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The Economy

The Outlook for the American Economy and Industry

May 22, 2020 


      The purpose of this paper is to provide some insight into what you can expect your revenue recovery to look like.  Using a variety of federal, reserve bank sources and private industry expertise, the paper firstly attempts to forecast what level of economic activity will occur across the whole of American commerce, in the aggregate.  It then attempts to forecast which Sectors will experience relatively slight impacts from the economic slowdown, and which will be most severely and persistently affected. 

       The conclusion of the paper is that those sectors which are primarily selling to Consumers (Demand-side organizations) will be most severely affected by the long-term changes in behavior wrought by the coronavirus pandemic; they will have little ability to change that new behavior; and will be most in need of creative solutions to develop revised channels to market and new revenue models.  Those sectors which are primarily manufacturers or producers (Supply) will be able to mitigate the effects of the pandemic (albeit at some cost) without greatly altering their revenue models, but will themselves be affected by the disruption being experienced by their eventual customers, who are Demand side ultimately. 

The only thing the author can be sure of is he is wrong;  but hopefully, this paper will provide some insight into what you might need to plan for as you contemplate the revenue and cost outlook for your organization.


     Attributed (wrongly) to Ronald Reagan, a recession is when your neighbor loses his job; a Depression is when you lose yours.  By any measure, the USA, along with the rest of the world, is in a Depression, if only by virtue of the unprecedented increase in unemployment.  Since the start of the pandemic, nearly 40m Americans have lost their jobs, and unemployment hit 14.7% of the working population, a figure not seen since the Great Depression in 1929. Goldman Sachs is now forecasting that this cycle will see the same unemployment rate of 25%.


     The consensus of commentators, somewhat optimistically, is that this Depression will not mirror that of our forefathers 91 years ago, and that we will see a rapid recovery as lock-downs ease and consumers start doing what consumers do again – consuming.  Nonetheless, even under this scenario, the Congressional Budget Office does not see the country achieving its former levels of GDP for several years.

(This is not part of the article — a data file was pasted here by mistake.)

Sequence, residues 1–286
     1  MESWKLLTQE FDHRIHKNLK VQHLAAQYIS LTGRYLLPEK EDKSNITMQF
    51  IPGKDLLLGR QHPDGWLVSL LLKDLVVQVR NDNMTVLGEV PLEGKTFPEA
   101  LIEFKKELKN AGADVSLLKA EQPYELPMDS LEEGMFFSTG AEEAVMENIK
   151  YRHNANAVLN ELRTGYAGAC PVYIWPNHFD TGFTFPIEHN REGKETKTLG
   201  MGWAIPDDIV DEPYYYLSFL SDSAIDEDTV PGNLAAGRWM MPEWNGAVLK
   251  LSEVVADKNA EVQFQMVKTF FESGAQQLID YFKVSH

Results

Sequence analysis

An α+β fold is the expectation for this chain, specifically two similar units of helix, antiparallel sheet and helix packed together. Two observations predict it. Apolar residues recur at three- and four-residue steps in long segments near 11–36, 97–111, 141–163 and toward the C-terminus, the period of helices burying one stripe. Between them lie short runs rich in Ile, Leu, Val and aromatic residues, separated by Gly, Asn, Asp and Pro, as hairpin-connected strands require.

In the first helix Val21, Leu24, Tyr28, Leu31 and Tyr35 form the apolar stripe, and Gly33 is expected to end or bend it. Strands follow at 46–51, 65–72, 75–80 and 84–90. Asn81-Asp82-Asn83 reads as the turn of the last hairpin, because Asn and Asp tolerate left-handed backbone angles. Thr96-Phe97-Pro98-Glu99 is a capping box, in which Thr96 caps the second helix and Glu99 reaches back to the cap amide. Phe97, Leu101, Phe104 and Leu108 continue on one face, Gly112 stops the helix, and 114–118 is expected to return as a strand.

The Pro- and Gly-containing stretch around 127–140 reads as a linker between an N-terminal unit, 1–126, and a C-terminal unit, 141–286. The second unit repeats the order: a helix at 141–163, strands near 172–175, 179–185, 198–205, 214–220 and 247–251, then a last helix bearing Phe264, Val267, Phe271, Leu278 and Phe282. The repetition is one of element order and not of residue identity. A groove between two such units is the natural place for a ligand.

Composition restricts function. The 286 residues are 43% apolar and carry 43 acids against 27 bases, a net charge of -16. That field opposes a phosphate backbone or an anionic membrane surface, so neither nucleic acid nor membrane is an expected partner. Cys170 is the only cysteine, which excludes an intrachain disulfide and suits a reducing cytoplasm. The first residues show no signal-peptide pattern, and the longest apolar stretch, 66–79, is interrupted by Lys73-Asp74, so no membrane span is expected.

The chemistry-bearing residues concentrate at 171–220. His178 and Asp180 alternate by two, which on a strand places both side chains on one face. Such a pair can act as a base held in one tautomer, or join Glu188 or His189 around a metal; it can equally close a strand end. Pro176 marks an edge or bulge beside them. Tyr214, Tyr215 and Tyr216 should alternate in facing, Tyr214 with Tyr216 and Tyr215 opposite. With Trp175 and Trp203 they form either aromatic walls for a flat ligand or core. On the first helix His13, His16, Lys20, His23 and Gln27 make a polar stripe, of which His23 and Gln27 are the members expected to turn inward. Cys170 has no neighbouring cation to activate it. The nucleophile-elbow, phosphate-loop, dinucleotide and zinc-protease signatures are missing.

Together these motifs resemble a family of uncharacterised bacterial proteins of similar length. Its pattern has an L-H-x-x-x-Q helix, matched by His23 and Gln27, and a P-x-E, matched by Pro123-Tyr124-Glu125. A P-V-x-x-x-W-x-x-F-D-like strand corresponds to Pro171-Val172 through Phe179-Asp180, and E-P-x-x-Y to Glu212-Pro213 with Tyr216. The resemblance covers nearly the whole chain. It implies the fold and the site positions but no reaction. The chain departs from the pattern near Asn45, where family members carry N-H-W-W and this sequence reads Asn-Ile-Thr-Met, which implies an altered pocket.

Real GDP.png

   And, given that real GDP needs to grow at between 0.5% and 1% to maintain steady employment levels, it can be seen that, even under the assumptions underpinning the CBO’s projections, the Demand side of the economy will carry a considerable burden for at least 5 years.

The CBO’s assumptions include:

  • the possibility of a reemergence of the pandemic.

  • the current extent of social distancing across the country will continue—on average and with regional variation—through June 2020.

  • the degree of social distancing is projected to diminish by roughly 75 percent, on average, during the second half of this year relative to the degree in the second quarter and then to further diminish in the first half of next year.

  • social distancing is projected to continue, although to a lesser degree, through the first half of next year.

     No-one can know at present whether the forecast fully reflects the downside scenarios or whether the future will turn out to be sunnier than these projections.  Other factors, not considered by CBO, such as spillover of bankruptcies into the High Yield Debt and CLO markets could gravely aggravate the outlook, notwithstanding the Federal Reserve buying junk bonds through ETFs.  On balance, we believe the risks are to the downside rather than the upside, and any business planning should countenance possible further downside.  As more data becomes available regarding consumer behavior in response to the self-preservation, the suppression or otherwise of the virus, and the unemployment and GDP activity, we can hope to get an increasingly reliable view of what we can all expect.